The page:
In my dictionary it says that you can say "naive or naÃ¯ve, also naif or naÃ¯f".
I will start saying "naÃ¯f", because as my dictionary says "naÃ¯f" is the least spoken of 'em all.
It has less "clients" or "customers", so I will start using that word. If I don't, the word will be sad, because I didn't choose it.
Will people understand me if I say naÃ¯f or naif, instead of naive?
I'm sorry for the weird words, "naïf" is "naif" with the two points above the "i".
Sorry, but I don't understand.
I usually say nah-EEF (referring to a boy/man) or nah-EEV (referring to a girl/woman).
Native speakers should be able to understand you, if only because of context clues. Most native speakers can make out words from hearing just a few sounds (they're remarkably resilient like that!). As for non-native speakers, who knows? I know some who are able to understand people speaking broken English or English with a strong accent and non-standard pronunciation and those who are unable to understand anyone but those with similar accents and the "neutral" American and/or British accents yet nothing outside.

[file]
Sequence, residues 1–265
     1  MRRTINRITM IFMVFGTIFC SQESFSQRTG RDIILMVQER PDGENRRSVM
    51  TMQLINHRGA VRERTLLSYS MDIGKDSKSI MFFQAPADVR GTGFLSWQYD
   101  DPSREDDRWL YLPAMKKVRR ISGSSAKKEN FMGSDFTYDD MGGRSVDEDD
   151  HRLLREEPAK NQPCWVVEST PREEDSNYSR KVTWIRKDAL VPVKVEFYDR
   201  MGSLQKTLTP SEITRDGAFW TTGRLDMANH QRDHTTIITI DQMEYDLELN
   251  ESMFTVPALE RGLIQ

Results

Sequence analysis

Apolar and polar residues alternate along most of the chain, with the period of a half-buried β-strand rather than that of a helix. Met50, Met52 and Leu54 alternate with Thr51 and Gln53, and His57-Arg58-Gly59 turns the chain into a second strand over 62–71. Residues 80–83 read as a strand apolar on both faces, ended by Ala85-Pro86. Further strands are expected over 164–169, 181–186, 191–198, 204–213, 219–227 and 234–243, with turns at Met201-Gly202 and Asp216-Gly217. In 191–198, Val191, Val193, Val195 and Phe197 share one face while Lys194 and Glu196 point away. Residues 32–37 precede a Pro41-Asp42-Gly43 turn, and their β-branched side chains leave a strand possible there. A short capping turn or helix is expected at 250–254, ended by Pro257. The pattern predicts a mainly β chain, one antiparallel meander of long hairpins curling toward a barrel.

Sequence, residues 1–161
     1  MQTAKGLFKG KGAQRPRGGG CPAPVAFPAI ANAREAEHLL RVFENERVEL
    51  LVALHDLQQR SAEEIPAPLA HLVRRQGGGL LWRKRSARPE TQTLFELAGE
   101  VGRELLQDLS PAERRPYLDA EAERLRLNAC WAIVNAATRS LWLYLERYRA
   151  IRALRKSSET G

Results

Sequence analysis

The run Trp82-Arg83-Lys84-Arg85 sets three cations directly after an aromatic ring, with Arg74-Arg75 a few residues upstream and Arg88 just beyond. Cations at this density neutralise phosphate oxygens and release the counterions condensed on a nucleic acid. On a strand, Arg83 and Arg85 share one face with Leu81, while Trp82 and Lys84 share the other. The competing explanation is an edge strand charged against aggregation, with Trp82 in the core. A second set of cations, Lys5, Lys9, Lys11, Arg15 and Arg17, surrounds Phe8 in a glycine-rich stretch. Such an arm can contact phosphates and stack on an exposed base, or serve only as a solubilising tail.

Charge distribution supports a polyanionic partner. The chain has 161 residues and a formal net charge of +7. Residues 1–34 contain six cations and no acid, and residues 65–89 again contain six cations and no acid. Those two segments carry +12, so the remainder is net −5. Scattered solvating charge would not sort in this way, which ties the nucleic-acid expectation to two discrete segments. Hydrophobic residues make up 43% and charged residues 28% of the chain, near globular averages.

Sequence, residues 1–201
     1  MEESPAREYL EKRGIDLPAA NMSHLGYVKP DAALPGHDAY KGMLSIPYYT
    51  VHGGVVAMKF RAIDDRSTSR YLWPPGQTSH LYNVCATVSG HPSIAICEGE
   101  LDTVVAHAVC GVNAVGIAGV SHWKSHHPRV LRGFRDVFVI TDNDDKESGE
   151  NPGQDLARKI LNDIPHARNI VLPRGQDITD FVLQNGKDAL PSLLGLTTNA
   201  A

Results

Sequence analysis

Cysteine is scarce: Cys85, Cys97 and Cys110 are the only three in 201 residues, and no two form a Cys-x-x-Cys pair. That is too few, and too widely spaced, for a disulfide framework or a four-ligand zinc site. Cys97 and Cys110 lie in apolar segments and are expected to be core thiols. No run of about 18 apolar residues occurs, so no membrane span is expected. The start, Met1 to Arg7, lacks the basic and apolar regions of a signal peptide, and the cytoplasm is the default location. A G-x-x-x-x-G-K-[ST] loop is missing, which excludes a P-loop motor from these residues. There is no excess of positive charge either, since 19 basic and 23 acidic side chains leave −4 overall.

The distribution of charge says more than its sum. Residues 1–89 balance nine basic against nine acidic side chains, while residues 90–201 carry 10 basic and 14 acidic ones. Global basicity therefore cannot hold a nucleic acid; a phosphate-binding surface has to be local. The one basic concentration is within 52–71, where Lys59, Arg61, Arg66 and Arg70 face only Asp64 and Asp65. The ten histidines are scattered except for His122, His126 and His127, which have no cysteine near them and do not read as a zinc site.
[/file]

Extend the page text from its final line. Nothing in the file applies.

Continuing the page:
I never use "naif" in English; always "naive". It's like how many people never use "actress" but "actor" for both males and females.
[nai'i:v] at all times, irrespective of gender
I know, I know. I'm just an odd stickler for French grammar and pronunciation when it comes to French words in English. It's been a long time since I last wrote "bureaus"; I always write "bureaux" now.
I have a similar example: blond(e). What are the differences between "blond" and "blonde"?
I get really annoyed with publishers who don't pay attention to these things. The amount of times I have found sentences like "he had blonde hair". AAAAh.
CG, that annoys me as well. ;) And his use of "amount of times" in that sentence sounds perfectly natural in my dialect, Mr Correct 'em.
What's your dialect, Ailian? (And here I was thinking that you were a Chinese man from Beijing; silly me!)